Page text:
In spite of short-term volatility, Nygren’s strategies have delivered a return of 18.25 percent over the last three years and 4.15 percent over the last 10 years.
Apple (NASDAQ:AAPL), Nygren’s fourth-largest holding, contributed the most to his fund’s return due to its 48 percent return in the first quarter and large weighting in his portfolio. After five years growing revenue at a rate of 38.2 percent and EBITDA at 63.5 percent, Apple still has a P/E ratio of 13.7, and Nygren believes it remains attractively priced.
In the first quarter, Nygren sold 10,000 shares of Apple at an average price of $506 per share. He has made a substantial gain on the stock since purchasing 250,000 shares before the fourth quarter of 2009, below an average purchase price of $197.
Nygren’s best-performing stock in the first quarter was Bank of America, which increased 72 percent. He bought the stock in the first quarter of 2010 at an average of $16.23, but continued to accumulate shares as the price plunged to his lowest purchase price of $6 in the fourth quarter of 2011, when he made his second largest purchase of 2.5 million shares.
In the first quarter of 2012, he bought an additional 2 million shares as the price rose to about $8 per share. It was his third largest add of the quarter.
Last year was punishing for Bank of America; it fell approximately 60 percent. Nygren explains that banks becoming adequately capitalized and able to return more capital to shareholders helped them reverse their losses in the first quarter.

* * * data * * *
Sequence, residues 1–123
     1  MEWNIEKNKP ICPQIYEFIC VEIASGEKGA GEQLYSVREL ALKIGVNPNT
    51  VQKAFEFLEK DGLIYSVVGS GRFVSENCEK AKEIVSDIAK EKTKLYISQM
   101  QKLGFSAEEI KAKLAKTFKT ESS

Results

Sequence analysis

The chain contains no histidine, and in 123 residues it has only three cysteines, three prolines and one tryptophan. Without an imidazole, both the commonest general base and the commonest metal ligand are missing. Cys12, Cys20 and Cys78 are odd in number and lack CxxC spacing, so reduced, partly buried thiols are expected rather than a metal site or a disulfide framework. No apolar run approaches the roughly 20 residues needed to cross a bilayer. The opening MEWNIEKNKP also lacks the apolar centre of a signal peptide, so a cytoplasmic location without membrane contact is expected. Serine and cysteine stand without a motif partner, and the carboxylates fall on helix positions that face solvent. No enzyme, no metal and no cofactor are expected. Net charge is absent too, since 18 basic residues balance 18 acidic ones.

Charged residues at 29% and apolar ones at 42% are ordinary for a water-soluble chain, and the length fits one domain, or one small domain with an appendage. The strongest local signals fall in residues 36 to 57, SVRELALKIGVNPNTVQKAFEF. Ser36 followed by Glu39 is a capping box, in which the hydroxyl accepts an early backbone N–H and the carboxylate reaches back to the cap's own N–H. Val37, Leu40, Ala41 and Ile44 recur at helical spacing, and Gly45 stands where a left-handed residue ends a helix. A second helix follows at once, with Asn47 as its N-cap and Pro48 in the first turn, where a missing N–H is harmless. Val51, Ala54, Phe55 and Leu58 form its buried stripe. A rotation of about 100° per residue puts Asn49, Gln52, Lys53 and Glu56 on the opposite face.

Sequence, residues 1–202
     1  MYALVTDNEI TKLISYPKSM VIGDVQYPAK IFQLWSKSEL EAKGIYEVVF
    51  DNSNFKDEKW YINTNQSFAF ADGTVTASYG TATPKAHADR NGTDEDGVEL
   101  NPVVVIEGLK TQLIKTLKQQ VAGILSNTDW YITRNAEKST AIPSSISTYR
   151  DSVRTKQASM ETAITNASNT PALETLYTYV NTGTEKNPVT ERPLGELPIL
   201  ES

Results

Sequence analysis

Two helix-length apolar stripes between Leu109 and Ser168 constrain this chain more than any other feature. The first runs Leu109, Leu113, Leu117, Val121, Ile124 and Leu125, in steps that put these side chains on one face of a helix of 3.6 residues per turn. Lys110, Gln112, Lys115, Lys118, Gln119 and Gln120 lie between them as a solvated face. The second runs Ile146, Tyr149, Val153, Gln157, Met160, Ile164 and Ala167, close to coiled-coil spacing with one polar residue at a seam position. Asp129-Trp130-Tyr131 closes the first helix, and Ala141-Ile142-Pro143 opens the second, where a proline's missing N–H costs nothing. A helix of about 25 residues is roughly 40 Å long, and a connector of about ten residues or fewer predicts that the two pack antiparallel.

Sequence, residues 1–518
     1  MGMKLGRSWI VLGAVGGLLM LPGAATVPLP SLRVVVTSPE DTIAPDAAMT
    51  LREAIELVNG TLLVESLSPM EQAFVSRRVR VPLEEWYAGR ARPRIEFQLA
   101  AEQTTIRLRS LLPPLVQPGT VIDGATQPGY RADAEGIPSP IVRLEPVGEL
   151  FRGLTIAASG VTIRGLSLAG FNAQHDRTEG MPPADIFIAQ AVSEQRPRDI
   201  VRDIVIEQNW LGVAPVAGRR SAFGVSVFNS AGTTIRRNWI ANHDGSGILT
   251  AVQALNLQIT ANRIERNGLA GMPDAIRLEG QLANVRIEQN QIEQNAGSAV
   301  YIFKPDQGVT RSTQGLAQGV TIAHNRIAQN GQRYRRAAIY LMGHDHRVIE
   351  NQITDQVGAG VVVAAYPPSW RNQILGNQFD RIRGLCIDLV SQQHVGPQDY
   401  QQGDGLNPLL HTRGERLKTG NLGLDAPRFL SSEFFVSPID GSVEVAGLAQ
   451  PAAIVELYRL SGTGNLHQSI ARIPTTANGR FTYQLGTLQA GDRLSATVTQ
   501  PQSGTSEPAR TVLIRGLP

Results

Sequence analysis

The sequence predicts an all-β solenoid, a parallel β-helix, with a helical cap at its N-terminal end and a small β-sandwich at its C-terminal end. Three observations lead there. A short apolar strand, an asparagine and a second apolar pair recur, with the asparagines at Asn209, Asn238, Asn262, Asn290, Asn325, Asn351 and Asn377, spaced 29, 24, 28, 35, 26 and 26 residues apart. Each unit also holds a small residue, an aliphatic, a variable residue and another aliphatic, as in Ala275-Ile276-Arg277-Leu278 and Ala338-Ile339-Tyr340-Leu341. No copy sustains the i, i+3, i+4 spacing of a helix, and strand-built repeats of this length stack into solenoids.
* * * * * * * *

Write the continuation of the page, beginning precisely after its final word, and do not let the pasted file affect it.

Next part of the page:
His other bank holdings also made strong contributions. JPMorgan Chase was up 39 percent; Capital One 32 percent; and Wells Fargo 25 percent. He believes they all remain attractively priced as well.
JPMorgan (NYSE:JPM), for instance, increased its Basel I Tier 1 common ratio to 10.4% in the first quarter, increased from 10% in the fourth quarter. It also increased its quarterly dividend to $0.30 from $0.25, and authorized a $15 billion stock repurchase program.
Capital One’s Tier 1 ratio increased 220 basis points to 11.9 percent in the first quarter. Its dividend has remained at $0.05 per share since June 2009. JPMorgan and Capital One (NYSE:COF) are Nygren’s top holdings.
Wells Fargo likewise increased its Tier 1 ratio of 9.95 percent from 9.46 the previous quarter. It raised its dividend rate to $0.22 per share from $0.12 per share the previous quarter. While 2011’s stock prices were remarkably volatile, Nygren notes that good things were happening to his businesses nonetheless. Over the year, 47 of his 56 companies reduced their outstanding shares, with the median reduction just over 3 percent.
“Although that might not sound like much, if a business grows its earnings by 4% while shrinking its shares by 3%, EPS will grow at a 7% rate,” Nygren noted in his first-quarter letter.
Also during the year, 40 of his 56 companies were net acquirers of business (their acquisitions were more than their proceeds from divestitures). Twenty-seven of his 56 companies ended the year with less net debt.
“Cash that earns 1 percent after tax would have to be valued at 100x earnings to fully reflect its value. With the stock market trading at just over 13x expected earnings, it seems that cash today is an unusually hidden asset,” he said.
Twelve of his companies did all four: increased dividends, had share buybacks, made an acquisition and improved their balance sheet.
With the belief that the corporate trend would continue, Nygren bought these new holdings during the first quarter of 2012: Franklin Resources (NYSE:BEN), Parker Hannifin (PH) and Goldman Sachs (NYSE:GS).
Nygren comments on all three of his new holdings in his fourth quarter letter.
See Bill Nygren’s portfolio here. Also check out the Undervalued Stocks, Top Growth Companies, and High Yield stocks of Bill Nygren.